Westpac to launch innovative wearable payments devices
The bank will also launch a new mobile payment feature allowing customers to make payments through Facebook Messenger and Snapchat.
Anyone who has recently complained the big banks aren’t innovative enough to keep up with tech-loving millennials will today be eating their words.
Australia’s oldest bank today announced it will launch wearable payments devices, along with a new mobile feature, the "Westpac Keyboard", which will enable customers to make payments within popular social messaging apps - a first for Australian banking.
Westpac’s wearable payment devices
The wearable payments device is currently being tested by Westpac employees and will launch later this year as a wristband, similar to a fitness band, with a chip inside that is linked to a nominated debit or credit card.
Don’t be concerned if wristbands aren’t your thing; Westpac plans to make the chips available separately with a clip, allowing customers to attach it to a watch strap or other accessory.
Westpac consumer banking chief executive George Frazis told the Australian Financial Review, “Effectively what we have done is combined the antenna and the chip into one element that you can then put into any accessory that is convenient for the customer.”
“This has unlimited potential for fitting in with whatever your lifestyle is,” Frazis added.
The wearable device will no doubt give ANZ’s Apple Pay a run for it’s money, as Westpac customers will be able to leave the house not only without their wallet, but even without their phone.
“From our perspective, at this stage we are not seeing any negative impact as a result of not providing Apple Pay,” Frazis added.
“Our approach is to provide our customers with choice. We are not dictating to our customers how they should live their lives, or how they should make payments or what they can integrate into their wallets.”
The Westpac Keyboard
We’ve all been in the awkward situation where a restaurant or cafe refuses to split the bill. You offer to pay in good faith that your friends will transfer you their share later on but this often never happens – who could be bothered logging into mobile banking and manually entering all the payment details?
The Westpac Keyboard will be launched this week, enabling customers to switch the regular keyboard in messaging apps like Facebook Messenger, WhatsApp, Snapchat and SMS to allow them to easily transfer money to friends, without the need to login to their Internet banking.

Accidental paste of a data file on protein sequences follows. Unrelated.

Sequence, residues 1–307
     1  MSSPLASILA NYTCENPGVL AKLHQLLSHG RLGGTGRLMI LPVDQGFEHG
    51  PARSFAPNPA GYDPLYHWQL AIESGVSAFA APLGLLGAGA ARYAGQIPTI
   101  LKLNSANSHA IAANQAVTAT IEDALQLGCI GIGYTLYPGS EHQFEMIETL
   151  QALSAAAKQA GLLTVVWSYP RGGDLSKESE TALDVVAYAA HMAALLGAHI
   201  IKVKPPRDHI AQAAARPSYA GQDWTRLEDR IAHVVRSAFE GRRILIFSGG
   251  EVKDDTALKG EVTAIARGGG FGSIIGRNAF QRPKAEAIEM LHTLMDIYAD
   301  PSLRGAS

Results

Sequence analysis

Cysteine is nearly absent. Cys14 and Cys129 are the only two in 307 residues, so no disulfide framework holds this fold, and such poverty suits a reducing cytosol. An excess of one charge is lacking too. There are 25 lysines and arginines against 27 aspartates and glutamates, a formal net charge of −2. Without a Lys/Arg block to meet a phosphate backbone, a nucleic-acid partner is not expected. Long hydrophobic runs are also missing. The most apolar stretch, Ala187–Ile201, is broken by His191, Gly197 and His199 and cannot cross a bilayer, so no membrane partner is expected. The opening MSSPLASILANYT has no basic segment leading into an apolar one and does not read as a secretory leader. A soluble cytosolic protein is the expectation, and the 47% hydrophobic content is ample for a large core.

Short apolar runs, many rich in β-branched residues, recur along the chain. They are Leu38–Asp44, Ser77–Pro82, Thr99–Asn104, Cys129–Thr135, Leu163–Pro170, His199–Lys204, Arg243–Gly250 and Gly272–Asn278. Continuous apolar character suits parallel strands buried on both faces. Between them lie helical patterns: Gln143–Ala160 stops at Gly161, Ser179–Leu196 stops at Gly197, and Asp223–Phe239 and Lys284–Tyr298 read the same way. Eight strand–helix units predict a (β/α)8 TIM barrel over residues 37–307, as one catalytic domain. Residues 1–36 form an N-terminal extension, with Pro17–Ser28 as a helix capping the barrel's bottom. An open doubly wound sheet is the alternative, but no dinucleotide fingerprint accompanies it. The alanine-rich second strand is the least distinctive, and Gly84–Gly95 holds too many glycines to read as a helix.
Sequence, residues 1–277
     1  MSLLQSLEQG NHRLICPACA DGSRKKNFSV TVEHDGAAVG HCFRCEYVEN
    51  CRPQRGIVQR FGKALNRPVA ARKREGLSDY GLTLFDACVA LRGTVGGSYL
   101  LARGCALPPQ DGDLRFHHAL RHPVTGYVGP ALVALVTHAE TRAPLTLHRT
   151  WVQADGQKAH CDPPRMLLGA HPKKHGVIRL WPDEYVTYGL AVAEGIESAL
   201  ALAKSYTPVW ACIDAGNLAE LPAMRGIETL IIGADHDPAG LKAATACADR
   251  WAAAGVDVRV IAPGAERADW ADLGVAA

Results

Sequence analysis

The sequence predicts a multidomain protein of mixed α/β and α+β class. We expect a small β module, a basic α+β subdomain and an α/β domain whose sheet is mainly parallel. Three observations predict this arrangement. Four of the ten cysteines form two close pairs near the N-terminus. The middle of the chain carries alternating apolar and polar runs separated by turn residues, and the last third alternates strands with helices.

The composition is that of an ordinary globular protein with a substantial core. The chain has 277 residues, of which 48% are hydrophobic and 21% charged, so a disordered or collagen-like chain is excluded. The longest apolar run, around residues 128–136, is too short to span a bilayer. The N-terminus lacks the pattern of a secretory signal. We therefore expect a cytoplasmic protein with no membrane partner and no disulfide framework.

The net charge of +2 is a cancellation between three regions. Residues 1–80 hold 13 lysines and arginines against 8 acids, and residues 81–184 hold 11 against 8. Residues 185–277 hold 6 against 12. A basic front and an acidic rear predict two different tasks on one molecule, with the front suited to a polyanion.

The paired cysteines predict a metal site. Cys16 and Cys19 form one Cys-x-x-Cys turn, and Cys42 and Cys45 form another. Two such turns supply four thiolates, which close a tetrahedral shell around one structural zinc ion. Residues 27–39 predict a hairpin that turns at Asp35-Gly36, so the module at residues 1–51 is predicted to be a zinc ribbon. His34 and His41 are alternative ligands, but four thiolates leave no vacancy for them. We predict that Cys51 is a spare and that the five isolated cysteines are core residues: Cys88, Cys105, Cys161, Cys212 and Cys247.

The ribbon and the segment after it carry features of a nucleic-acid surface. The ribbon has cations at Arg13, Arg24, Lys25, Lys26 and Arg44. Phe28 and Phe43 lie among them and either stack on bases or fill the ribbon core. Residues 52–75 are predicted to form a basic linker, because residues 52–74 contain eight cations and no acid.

A first for Australian banking, the Westpac Keyboard is based on technology from an Israeli fintech company and adds secure banking options to the bottom of the screen on a chat app.
This means that friends could easily and quickly send money to each other in their regular messaging app, taking the headache out of joint purchases.
“This is the ultimate mobile banking experience for people who love social media and messaging apps, and one of the biggest developments we’ve seen for years in Australia’s highly-competitive digital banking space,” said Frazis.
“We really want customers to be able to access their money in an efficient and convenient way, particularly when they socialise. With SMS and social messaging apps now an everyday part of our lives, it was time to close the gap between social media and mobile banking."
It also allows cardless cash codes to be sent, allowing customers to send codes to friends or family so they can withdraw the amount from any Westpac Group ATM without a card.
Westpac says the best example of the cardless cash code being effective would be a parent sending the code to their child if they were caught out and needed some cash.
Keen to read about some other recent fintech innovations? Check out what's been happening recently in our guide here.
- Real-time payments in the millions but not all Australians have access
- CommBank enters exclusive partnership with Afterpay’s US competition
- You could be fined for paying with your phone in a drive-through
- Australian fintech funding round-up: July 2019
- CBA has revealed its new app with features it compared to iPhones and Netflix